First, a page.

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‘The Good Fight’ Shows Us a Better Reality on TV

From left: Audra McDonald gets into character as Liz Reddick-Lawrence; Christine Baranski as Diane Lockhart; Nyambi Nyambi as Jay Dipersia in CBS All Access' series "The Good Fight." (Elizabeth Fisher / CBS All Access ©2017 CBS Interactive, Inc.)

Angry, uncivil tweets pass for leadership and news. Billionaire lawmakers yawn at gaping inequality. Administration officials lie incessantly, as if for sport.

Meanwhile, the makers of CBS’ terrific tragicomic legal show “The Good Fight” pack their plots to the breaking point, with storylines involving issues ranging from immigration to impeachment, police brutality to states’ rights, everyday infidelity to #MeToo infractions, hacker/bot abuses to dubious legal ethics.

But our nation’s breaking point is largely what this show explores. The still-life success symbols and caricatured leaders in its title sequence warn of a possible explosion in every episode.

There’s an absurdist whiff to the ensuing bedlam, and the writers help their characters escape tight story corners a bit too often, à la deus ex machina. Nevertheless, the show presents an apt response to the roiling ghost-of-Roger-Ailes world and a cunning cross-examination of our once-and-future democracy.

Beyond integrating unpresidential performance politics with other callous actions of America’s most powerful classes, this thrumming series delivers something significant, unique and long overdue in television: a racially integrated, gender-balanced dramatic landscape. It has little in common with the world that most American professionals have had the opportunity to take part in during their lifetimes—but much to suggest about our potential for cooperative harmony.

The show’s majority African-American law firm, Reddick, Boseman and Lockhart, is no nirvana. But its creators have imagined a microcosm that is pragmatic and mostly plausible as well as intelligent, competitive and committed to justice. Most importantly, it demonstrates how and why to not give up any fight after a first-round loss.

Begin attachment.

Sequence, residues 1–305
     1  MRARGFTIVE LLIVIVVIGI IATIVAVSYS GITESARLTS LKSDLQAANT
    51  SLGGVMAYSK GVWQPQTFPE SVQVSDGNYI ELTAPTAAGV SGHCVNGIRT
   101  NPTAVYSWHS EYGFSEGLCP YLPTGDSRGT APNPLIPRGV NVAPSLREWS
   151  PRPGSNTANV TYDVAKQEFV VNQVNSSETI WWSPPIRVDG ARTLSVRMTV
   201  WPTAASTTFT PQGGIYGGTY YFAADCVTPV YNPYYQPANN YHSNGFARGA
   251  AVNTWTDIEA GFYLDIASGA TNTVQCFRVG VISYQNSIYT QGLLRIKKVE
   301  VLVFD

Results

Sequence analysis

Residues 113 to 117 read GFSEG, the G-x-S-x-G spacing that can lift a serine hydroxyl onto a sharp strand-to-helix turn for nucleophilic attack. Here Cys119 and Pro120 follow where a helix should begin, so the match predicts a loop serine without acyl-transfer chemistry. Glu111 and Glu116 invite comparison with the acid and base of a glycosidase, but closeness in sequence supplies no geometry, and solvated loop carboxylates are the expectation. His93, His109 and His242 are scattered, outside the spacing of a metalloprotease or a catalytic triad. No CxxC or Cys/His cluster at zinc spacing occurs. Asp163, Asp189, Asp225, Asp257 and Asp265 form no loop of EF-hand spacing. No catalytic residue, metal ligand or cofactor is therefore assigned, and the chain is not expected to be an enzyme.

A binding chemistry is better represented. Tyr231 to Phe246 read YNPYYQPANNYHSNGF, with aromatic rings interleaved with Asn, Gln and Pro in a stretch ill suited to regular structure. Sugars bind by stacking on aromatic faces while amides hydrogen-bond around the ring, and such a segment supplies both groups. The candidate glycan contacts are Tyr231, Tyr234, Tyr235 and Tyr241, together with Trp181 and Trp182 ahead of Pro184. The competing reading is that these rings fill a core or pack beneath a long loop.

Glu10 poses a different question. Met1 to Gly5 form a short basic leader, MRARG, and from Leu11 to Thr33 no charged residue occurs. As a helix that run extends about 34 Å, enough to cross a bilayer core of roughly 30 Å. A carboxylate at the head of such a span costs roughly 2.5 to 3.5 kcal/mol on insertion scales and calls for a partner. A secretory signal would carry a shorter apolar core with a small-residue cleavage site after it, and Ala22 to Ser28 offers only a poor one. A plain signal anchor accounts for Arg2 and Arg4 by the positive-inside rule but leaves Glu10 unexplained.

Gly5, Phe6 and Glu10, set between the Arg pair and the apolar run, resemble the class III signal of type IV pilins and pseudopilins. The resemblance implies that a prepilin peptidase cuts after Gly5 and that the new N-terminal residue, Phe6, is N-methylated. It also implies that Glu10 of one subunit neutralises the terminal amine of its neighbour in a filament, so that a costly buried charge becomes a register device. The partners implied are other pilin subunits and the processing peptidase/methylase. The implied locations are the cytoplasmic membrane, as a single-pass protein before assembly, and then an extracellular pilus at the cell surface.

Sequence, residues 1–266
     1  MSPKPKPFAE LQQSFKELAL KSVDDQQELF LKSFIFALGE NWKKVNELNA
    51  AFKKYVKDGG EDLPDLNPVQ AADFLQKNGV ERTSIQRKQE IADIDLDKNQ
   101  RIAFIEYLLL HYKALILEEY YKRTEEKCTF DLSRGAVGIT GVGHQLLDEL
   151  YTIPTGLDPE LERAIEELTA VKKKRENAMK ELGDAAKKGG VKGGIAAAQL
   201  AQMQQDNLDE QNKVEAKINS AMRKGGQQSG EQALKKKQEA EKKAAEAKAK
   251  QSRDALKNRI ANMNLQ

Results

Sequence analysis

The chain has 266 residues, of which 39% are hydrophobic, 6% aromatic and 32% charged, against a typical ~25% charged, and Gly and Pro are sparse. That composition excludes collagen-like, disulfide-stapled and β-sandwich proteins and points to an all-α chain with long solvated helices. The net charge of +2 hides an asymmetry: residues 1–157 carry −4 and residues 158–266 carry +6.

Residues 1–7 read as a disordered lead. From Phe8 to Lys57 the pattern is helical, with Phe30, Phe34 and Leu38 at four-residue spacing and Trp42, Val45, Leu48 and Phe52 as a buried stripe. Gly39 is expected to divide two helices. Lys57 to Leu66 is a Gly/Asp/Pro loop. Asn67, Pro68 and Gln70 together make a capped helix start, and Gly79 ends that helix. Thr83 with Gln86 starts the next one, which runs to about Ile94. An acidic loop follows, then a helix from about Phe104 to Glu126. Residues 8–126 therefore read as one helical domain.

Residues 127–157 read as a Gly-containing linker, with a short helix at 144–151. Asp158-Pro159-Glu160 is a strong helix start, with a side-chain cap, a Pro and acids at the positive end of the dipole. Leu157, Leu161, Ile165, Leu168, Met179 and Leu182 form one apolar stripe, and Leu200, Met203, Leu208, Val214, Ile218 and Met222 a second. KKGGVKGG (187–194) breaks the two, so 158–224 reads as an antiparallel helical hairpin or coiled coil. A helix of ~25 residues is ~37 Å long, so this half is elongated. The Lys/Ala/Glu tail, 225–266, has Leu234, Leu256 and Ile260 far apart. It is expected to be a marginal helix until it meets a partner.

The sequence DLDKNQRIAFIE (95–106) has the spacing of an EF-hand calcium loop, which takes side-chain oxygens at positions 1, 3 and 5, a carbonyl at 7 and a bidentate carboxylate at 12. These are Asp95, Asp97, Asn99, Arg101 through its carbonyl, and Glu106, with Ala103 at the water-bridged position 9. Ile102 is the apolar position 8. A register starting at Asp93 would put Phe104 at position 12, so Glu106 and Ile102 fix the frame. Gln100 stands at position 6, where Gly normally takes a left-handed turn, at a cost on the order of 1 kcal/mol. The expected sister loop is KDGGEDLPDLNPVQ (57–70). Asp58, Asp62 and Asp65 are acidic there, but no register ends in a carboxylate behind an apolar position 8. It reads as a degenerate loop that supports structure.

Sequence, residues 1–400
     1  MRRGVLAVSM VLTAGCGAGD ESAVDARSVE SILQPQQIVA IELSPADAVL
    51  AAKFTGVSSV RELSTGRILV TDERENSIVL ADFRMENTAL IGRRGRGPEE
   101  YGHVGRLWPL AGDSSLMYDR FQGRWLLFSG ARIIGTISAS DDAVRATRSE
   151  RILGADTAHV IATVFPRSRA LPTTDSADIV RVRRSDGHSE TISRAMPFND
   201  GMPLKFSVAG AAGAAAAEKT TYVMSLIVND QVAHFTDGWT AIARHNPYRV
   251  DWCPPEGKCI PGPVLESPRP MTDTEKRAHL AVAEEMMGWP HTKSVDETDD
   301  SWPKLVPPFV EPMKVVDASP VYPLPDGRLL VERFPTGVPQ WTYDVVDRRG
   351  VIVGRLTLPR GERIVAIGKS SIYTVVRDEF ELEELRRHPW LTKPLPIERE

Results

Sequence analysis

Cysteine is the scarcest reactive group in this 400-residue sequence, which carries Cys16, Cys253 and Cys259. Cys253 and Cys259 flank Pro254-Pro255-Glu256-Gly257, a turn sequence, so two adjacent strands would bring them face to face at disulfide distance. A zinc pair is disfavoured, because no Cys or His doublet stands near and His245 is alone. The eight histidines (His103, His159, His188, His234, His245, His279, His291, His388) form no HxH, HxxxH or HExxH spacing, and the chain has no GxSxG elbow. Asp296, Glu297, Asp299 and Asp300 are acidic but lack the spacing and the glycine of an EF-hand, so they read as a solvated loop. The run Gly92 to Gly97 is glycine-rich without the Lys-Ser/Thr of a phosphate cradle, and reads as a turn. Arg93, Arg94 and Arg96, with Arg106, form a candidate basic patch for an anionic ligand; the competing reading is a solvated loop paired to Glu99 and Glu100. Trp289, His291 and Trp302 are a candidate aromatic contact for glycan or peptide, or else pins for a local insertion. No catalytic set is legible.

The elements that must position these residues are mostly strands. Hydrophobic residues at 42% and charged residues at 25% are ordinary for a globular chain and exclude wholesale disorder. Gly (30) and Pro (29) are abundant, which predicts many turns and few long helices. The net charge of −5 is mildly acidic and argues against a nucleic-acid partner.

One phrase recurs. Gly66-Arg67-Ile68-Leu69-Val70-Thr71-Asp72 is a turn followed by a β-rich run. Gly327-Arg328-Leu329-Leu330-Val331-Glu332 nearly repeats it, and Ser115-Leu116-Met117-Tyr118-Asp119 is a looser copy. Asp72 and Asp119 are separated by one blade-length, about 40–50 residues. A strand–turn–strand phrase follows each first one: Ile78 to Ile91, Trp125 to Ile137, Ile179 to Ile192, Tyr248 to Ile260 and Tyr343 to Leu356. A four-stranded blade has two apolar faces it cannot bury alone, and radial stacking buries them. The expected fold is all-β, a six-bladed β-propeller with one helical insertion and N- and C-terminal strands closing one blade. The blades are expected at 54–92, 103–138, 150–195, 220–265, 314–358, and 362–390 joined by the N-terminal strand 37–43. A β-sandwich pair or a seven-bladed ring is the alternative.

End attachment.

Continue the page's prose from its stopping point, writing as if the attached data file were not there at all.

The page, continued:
Set in Chicago, like its soapier precursor “The Good Wife,” the series’ location is demographically believable, if not quite accurate. (Chicago is roughly a third black, a third white and a third Hispanic. Hispanic representation on the show is minimal.) It’s also a timely setting, especially regarding issues involving the law, its enforcement, and race. While not central to the series, the persistent, unsolved status of these problems is integral to the show’s weave of critical American themes. It is established early on, for example, that the firm largely made its name winning police misconduct cases.

What sets “The Good Fight” apart, and ahead of many headline-oriented shows, is that creators Robert King, Michelle King and Phil Alden Robinson have invented an arena that is aspirational in its makeup and its mission. (Aspirational for anyone who roots for equality, democracy and the ideal of forming a more perfect union.) And although the characters do not pretend colorblindness, they are written and played as if they work in an essentially ethical meritocracy, in which each stands on solid, supported ground—at least when within the interior boundaries of the firm’s offices.

Inside, they strategize about how to level the landscape for their clients and ways to win compensation for victims of bias and lawbreaking of all kinds. Outside its glass walls, the firm’s black team members again become susceptible to the perils of the unjust, unequal society in which they, and we, live.

This hyper-textured imaginarium plays out as a kind of about-time, duh, cultural moment. Because, of course, life in these Unites States could be less rancorous, as well as more humane and productive, if we’d stop denying history and welcome the strengths and advantages that diverse experiences bring to almost any situation. But as a response to “trumpy” times, the series is a weekly repudiation of the unleashed racial animosity that is arguably a foundation on which the president built his campaign and won, and which has become stridently pervasive since the election.

The opposite of a cynical dream team, the show’s legal firm remains a dream thus far. (Hollywood should take notes, because its culture machine constructs the mirror through which much of America sees itself. More often than not, it dreams of winning awards rather than equality.)